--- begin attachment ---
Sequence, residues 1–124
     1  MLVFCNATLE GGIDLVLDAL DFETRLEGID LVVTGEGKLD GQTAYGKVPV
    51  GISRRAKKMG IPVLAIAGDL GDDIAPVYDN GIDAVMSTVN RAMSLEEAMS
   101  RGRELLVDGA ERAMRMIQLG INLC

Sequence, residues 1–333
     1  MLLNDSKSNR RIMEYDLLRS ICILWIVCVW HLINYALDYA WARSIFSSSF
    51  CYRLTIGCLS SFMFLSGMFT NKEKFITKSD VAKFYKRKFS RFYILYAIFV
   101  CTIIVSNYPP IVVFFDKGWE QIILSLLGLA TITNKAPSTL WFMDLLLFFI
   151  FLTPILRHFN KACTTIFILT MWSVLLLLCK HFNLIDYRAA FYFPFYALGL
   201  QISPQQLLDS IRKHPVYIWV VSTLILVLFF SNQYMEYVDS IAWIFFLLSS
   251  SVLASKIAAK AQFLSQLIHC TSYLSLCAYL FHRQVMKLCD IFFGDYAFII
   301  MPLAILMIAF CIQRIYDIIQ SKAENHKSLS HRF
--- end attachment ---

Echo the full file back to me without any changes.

Sequence, residues 1–124
     1  MLVFCNATLE GGIDLVLDAL DFETRLEGID LVVTGEGKLD GQTAYGKVPV
    51  GISRRAKKMG IPVLAIAGDL GDDIAPVYDN GIDAVMSTVN RAMSLEEAMS
   101  RGRELLVDGA ERAMRMIQLG INLC

Sequence, residues 1–333
     1  MLLNDSKSNR RIMEYDLLRS ICILWIVCVW HLINYALDYA WARSIFSSSF
    51  CYRLTIGCLS SFMFLSGMFT NKEKFITKSD VAKFYKRKFS RFYILYAIFV
   101  CTIIVSNYPP IVVFFDKGWE QIILSLLGLA TITNKAPSTL WFMDLLLFFI
   151  FLTPILRHFN KACTTIFILT MWSVLLLLCK HFNLIDYRAA FYFPFYALGL
   201  QISPQQLLDS IRKHPVYIWV VSTLILVLFF SNQYMEYVDS IAWIFFLLSS
   251  SVLASKIAAK AQFLSQLIHC TSYLSLCAYL FHRQVMKLCD IFFGDYAFII
   301  MPLAILMIAF CIQRIYDIIQ SKAENHKSLS HRF